Image design by Anne Rhodes

Timeline: The Super Sketchy History of ACTA

by Michelle Schusterman Feb 21, 2012
This is not democracy.

WHEN DOZENS OF LOBBYISTS for massive corporations and entire governments spend years working on an international “agreement” behind closed doors while the majority of the world’s media ignores it, you know we’re in trouble.

Here’s what we know about how ACTA (Anti-Counterfeiting Trade Agreement) came about.


Just now hearing about ACTA? It started back in 2006, when Stan McCoy, US chief negotiator for IPR (Intellectual Property Rights) enforcement, met with Japanese officials to introduce the concept. He described it as aiming “to set a ‘gold standard’ for IPR enforcement among a small number of like-minded countries, and which other countries might aspire to join.”

While ACTA has many faults, the biggest is arguably the fact that it bypasses all other international organizations that handle matters of intellectual property. The Japanese proposed to ask the OECD (Organization for Economic Cooperation and Development) for assistance with drafting ACTA. However, US officials insisted that involving any international organizations was to be avoided.

According to Wikileaks, the first cable mentioning a meeting between US and European officials was sent on December 1st from the US Embassy in Rome. US diplomats stated that Italy was indeed interested in ACTA; however, Italian officials emphasized Italy’s commitment to multilateral organizations like the EU and the G-8. They made it clear that their government must evaluate taking steps “outside of these institutions” with caution.


In June of 2007, during Portugal’s presidency of the EU council, the Prime Minister’s Economic Adviser informed US officials that his government supported the Commission’s leadership on ACTA. However, Portugal also recognized that member states would “eventually have to be brought into the negotiations as progress was made in order to resolve competency issues over the criminal chapter.”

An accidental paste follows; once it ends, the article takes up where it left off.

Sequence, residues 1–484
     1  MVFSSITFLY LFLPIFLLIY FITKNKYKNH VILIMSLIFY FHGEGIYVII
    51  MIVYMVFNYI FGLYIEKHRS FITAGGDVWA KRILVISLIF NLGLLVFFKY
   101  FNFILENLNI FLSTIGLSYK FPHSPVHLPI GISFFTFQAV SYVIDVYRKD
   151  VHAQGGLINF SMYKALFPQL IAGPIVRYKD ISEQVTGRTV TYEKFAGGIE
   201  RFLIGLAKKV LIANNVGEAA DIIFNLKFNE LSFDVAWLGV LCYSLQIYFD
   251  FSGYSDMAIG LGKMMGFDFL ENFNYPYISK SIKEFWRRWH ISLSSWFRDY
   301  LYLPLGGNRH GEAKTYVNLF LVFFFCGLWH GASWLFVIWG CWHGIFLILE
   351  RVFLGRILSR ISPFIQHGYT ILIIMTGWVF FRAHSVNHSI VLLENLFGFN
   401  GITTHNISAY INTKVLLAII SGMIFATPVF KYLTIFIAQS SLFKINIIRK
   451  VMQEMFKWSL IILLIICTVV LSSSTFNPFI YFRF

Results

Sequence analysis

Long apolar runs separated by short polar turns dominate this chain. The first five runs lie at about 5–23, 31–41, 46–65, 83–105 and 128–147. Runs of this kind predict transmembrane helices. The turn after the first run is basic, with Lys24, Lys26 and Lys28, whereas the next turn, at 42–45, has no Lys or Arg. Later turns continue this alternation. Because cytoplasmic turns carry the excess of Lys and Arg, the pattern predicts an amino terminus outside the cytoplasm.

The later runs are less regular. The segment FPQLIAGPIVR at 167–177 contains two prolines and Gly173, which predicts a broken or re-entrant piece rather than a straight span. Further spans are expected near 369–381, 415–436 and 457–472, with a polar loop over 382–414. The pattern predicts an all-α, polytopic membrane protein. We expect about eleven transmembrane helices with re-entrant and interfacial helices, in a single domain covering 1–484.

Later that year, Italian officials were irritated to learn that the EU Commission was approached with ACTA, rather than a few select member states. Officials felt there was a “significant gap between the EU Commission views and those of several member states (including Italy) on how ACTA competencies should be allocated.”


ACTA first came to public attention in May thanks to Wikileaks. There was virtually no mention in the mainstream media that ACTA proposed to establish the ACTA committee, which would exist as its own governing body outside existing international institutions like the World Trade Organization or the United Nations.

Something you’d think might be worth a headline or two.


The White House claims the secrecy surrounding ACTA, as well as the list of participants involved in drafting the agreement, is a matter of “national security.” In October, an FOIA (Freedom of Information Act) request forced the USTR (United States Trade Representative) to share the names of the hundreds of “cleared advisors” who had access to ACTA documents.

These “advisors” represented institutions that included:

Photo by Blog Nueva York

  • Coalition for Intellectual Property Rights
  • Entertainment Software Association
  • International Intellectual Property Alliance
  • Motion Picture Association of America, Inc.
  • Recording Industry Association of America
  • Software and Information Industry Association
  • Time-Warner
  • Verizon Communications, Inc.
  • Pharmaceutical Research and Manufacturers of America
  • Sony Pictures Entertainment
  • News Corp
  • Google
  • eBay

A Swedish official involved in ACTA negotiations stated in late 2009 that the secrecy surrounding ACTA “has led to the legitimacy of the whole process being questioned.”


In January, Helena Drnovek Zorko, Slovenia’s ambassador to Japan, wrote: